Yesterday I was all set to publish what I think it is a pretty good post about how much I’m loving this whole living-off-the-garden, whole foods, simply organic mindset I’ve got going recently.
But it didn’t happen. Maybe later.
Today I thought I might crank out a top 10 post since I’ve got bunches floating around in my cavernous mind: top 10 baby products worth the investment, top 10 summer on a budget, top 10 ways to sneak vegetables into your kids’ food.
But I don’t think you all (and from what I understand there are more than 39 of you) blog readers hop over here just to read something that is, honestly, me trying to market my thoughts.
I didn’t start this for that. Not that I won’t do it sometimes, we’re a one income family, remember?
But that’s not what’s real. Really me. Really what this blog is meant to be about.
It’s about my journey in mothering, my path that is sometimes rockier than those hills my mom is currently climbing on the AT in Pennsylvania.
It’s about the real stuff that’s lurking behind the images we post on facebook or pinterest. It’s about the gunk that’s growing on our shower curtains, stopping up our drains, lingering under the toaster oven.
What’s real is that I melted on my six year old yesterday because I have let my kids grow believing that eventually (if they cry hard enough) they will get their way.
What’s real is that my own desire to have more has led to my children believing that we deserve more.
What’s real is that I yell, I scream, I cry, I throw things, and I certainly don’t greet my husband at the door with a kiss every evening.
What’s real is that I can’t get through writing this without having to stop to care for a shrieking baby, a panty-wetting toddler, and a demanding middle child.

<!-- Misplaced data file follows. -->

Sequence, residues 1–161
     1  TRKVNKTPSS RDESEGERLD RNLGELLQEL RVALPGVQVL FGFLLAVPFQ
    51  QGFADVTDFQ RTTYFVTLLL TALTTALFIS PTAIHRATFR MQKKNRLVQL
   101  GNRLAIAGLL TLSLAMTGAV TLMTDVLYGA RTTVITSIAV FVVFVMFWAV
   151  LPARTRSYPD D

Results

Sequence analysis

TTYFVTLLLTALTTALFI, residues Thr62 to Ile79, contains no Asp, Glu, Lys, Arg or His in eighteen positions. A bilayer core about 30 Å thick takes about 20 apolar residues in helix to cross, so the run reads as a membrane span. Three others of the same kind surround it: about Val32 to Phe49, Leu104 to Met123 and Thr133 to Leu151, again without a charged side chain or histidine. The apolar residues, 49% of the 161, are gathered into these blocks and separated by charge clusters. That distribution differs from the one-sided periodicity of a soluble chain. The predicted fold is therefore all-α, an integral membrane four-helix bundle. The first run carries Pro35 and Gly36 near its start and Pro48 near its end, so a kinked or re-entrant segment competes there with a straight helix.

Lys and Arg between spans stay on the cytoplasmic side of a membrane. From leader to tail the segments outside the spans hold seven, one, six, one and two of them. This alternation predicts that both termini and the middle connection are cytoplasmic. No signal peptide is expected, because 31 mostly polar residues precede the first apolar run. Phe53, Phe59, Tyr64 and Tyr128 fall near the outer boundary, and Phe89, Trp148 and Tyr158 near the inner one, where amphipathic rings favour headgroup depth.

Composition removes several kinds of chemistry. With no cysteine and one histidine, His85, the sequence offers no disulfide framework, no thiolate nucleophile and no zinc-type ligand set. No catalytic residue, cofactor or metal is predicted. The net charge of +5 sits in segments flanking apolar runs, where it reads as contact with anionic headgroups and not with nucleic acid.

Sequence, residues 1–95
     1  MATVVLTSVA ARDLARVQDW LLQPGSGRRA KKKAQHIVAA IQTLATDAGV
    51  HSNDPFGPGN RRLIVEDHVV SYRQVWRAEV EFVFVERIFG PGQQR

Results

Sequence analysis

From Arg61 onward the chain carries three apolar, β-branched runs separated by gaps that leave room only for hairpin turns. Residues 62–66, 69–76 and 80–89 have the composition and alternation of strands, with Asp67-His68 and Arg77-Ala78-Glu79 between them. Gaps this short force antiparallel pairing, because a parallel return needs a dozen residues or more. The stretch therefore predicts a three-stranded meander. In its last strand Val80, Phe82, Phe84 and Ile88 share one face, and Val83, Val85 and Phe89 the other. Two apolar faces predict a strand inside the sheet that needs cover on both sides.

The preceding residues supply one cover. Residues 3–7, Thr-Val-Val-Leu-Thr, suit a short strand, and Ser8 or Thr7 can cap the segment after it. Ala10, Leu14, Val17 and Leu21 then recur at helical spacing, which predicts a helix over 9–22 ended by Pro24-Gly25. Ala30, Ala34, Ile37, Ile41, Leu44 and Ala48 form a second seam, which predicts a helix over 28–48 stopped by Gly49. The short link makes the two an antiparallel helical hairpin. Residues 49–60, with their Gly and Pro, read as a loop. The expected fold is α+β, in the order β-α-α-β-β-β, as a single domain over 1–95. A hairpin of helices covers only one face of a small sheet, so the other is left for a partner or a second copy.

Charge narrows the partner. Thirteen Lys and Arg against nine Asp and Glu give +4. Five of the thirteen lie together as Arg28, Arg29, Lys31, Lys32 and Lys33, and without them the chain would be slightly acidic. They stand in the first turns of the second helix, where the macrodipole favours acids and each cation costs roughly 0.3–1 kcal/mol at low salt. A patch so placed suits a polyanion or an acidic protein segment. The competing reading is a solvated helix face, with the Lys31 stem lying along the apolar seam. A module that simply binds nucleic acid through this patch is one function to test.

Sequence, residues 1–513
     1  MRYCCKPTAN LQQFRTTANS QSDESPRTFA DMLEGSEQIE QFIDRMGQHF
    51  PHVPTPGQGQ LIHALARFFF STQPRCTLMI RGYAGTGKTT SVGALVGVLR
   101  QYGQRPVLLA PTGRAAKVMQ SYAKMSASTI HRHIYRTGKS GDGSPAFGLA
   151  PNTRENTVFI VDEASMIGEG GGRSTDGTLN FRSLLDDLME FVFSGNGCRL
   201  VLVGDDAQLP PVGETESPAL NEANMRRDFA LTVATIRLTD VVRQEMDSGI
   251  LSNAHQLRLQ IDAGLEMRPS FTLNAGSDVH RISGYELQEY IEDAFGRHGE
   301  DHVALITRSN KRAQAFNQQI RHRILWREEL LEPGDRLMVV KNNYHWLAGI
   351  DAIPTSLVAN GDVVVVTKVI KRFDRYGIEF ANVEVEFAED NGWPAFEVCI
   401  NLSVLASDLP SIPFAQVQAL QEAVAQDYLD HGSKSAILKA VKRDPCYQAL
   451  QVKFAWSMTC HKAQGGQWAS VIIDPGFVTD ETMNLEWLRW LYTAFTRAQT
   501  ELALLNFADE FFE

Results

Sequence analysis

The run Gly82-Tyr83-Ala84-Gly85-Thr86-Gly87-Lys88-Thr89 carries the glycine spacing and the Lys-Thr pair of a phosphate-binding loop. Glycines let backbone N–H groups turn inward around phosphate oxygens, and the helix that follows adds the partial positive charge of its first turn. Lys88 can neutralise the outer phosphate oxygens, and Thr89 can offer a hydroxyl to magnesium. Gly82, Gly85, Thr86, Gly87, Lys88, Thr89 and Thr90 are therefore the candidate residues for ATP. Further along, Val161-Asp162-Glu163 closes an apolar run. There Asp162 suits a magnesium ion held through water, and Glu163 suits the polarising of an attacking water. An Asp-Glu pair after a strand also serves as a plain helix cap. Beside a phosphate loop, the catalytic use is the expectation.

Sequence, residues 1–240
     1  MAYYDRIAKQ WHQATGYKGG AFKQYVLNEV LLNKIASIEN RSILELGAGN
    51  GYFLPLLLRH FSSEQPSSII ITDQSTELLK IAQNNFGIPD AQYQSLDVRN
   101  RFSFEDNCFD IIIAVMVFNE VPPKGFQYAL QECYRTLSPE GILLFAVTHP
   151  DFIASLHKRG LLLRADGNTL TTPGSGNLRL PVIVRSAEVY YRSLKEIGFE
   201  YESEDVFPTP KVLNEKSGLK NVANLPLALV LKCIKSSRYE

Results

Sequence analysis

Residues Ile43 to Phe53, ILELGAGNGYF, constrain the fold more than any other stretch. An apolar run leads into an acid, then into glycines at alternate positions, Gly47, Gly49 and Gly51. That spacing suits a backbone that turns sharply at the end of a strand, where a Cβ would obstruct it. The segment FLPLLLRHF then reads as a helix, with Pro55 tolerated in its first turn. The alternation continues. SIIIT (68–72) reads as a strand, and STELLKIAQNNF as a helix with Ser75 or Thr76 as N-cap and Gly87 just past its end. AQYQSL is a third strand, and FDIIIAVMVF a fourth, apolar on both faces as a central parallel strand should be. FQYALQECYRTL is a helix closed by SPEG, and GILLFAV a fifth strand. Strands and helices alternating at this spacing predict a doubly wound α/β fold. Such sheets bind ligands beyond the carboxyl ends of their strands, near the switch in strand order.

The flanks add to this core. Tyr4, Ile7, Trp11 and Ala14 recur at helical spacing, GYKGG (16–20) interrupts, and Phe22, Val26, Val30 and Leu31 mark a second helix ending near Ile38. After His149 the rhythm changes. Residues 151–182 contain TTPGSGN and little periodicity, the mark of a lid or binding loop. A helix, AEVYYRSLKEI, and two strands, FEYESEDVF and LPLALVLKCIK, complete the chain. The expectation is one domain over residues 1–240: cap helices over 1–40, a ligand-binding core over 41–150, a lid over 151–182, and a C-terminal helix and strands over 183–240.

What’s real is that my baby spends more time in his swing than my arms, so far today has been nursed at the city park and a Subway, and is lucky if I can remember his daily doses of zantac before the my-belly-is-on-fire screaming starts.
What’s real is that when my husband calls to say he’s on his way, we kick it into high clean-up gear. What’s real is that I keep the living/dining/kitchen passable and the real mess behind closed doors.
What’s real is that I hide in the shower.
What’s real is that everyday I screw up my kids a little bit more and every night I ask forgiveness and pray that the grace that covers me despite my shortcomings will cover them.
What’s real is that they know I am real. There’s nothing more humbling than asking forgiveness of your seven-year old.
They told me I was the best mommy last week. It might have had something to do with the Cokes I let them have, but it still made me feel good, because I believe that deep down, they really mean it.
Even when they’re driving me crazy.